Assault/Threaten to Assault with Intent to Commit an Indictable Offence
In Victoria, the maximum penalty for the offence of Assault/Threaten to Assault with Intent to Commit an Indictable Offence is 5 years’ imprisonment.
Penalties the Court can impose for Assault with Intent to Commit Indictable Offence:
- Imprisonment (Jail – Full Time)
- Community Corrections Orders
- Adjourned undertaking
The Offence of Assault/Threaten to Assault with Intent to Commit an Indictable Offence
The offence of Assault/Threaten to Assault with Intent to Commit an Indictable Offence is found in Section 31(1)(a) of the Crimes Act 1958 which states: A person who assaults or threatens to assault another person with intent to commit an indictable offence is guilty of an indictable offence.
What the Police Must Prove:
To find you guilty of Assault/Threaten to Assault with Intent to Commit an Indictable Offence, the police must prove each of the following elements beyond a reasonable doubt:
- You assaulted/threatened to assault another person;
- The assault resulted in the complainant being injured or in pain (or in fear of being injured or in pain);
- You acted with the intention to commit an indictable offence; and
- You acted without lawful excuse.
For the purposes of this offence, assault is the direct or indirect application of force to the body of, or to the clothing or equipment worn by, a person where the application of force is:
- Without lawful excuse; and
- With intent to inflict, or being reckless as to the infliction of, bodily injury, pain, discomfort, damage, insult or deprivation of liberty.
The application of force includes the application of heat, light, electric current or any other form of energy to the complainant, as well as the application of matter in solid, liquid or gaseous form.
What is an Indictable Offence?
Indictable offences are serious crimes that are usually only triable by judge and jury. In some instances, indictable offences may be heard by a Magistrate. Under Section 28 of the Criminal Procedure Act 2009, a Magistrate may hear and determine any matter punishable by a maximum term of imprisonment of 10 years’ or less or a fine of up to 771 penalty units or less.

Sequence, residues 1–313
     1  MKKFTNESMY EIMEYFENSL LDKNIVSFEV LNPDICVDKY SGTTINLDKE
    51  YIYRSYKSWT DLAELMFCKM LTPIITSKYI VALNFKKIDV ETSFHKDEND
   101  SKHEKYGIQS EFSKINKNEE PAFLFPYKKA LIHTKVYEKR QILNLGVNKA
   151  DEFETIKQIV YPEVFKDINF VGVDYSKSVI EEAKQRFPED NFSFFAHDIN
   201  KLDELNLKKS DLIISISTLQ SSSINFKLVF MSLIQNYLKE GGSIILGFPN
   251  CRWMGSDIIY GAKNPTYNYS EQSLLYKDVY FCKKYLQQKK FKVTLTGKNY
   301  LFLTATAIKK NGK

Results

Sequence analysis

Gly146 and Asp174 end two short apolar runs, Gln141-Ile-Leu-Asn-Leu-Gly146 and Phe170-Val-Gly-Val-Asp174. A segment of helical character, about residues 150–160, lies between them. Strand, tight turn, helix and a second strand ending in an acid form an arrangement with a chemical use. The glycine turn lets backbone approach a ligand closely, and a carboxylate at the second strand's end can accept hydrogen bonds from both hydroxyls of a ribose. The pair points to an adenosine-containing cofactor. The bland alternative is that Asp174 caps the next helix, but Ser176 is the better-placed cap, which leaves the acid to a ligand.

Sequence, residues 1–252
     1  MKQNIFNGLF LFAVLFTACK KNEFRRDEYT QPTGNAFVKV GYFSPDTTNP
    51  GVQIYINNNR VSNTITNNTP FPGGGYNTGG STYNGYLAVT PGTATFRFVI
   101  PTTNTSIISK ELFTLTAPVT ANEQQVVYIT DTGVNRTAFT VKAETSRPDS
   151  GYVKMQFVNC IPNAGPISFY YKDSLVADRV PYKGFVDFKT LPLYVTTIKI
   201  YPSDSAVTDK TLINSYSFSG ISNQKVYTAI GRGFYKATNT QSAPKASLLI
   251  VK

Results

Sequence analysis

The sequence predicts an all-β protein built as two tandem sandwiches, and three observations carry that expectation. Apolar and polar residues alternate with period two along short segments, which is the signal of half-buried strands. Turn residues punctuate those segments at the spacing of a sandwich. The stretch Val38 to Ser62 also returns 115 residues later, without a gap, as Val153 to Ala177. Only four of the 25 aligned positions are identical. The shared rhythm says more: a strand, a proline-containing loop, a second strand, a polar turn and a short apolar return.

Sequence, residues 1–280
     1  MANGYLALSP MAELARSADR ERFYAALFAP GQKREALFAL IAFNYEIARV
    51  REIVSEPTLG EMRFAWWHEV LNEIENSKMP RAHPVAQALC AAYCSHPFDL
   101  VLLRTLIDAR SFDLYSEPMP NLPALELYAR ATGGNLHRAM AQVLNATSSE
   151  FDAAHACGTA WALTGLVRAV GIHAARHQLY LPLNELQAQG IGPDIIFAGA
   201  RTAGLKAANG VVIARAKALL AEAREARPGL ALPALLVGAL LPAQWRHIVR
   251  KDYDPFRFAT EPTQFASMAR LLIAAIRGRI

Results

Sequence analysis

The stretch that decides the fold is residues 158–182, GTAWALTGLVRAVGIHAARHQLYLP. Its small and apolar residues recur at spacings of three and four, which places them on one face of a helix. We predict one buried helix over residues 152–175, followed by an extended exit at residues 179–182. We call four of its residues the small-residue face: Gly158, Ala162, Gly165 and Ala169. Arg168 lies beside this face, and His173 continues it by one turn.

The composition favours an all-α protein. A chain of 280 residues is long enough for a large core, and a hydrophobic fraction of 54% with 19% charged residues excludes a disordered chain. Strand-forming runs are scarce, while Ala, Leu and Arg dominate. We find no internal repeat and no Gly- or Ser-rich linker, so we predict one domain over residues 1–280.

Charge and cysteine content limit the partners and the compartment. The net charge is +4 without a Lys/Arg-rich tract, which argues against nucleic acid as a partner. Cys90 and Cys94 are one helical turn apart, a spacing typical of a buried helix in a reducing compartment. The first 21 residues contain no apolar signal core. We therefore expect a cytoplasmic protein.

There are other indictable offences with penalties higher than those stated above, that may also be tried by a Magistrate. Schedule 2 of the Criminal Procedure Act 2009 sets out the full list of these offences.
What Actions Might Constitute an Assault/Threat with Intent to Commit an Indictable Offence
Punching, hitting, kicking or striking someone with the intent to kill them would be an example of this offence.
Possible Defences for This Charge:
Possible defences to a charge of Assault/Threaten to Assault with Intent to Commit an Indictable Offence include but are not limited to:
- Self Defence/defence of another
- Lack of intent/factual dispute
Which Court Will Hear Your Matter?
So long as the accused consents, the charge will generally be heard in the Magistrates’ Court of Victoria. If there are other more serious charges or if the accused does not consent to the Magistrates’ Court hearing the matter, the matter can be committed to the County Court of Victoria.
WHERE TO NEXT?
If you suspect that you may be under investigation, or if you have been charged with an offence, it is vital to get competent legal advice as early as possible. Our lawyers are highly specialised in criminal law and will be able to guide you through the process while dealing with the various authorities related to your matter.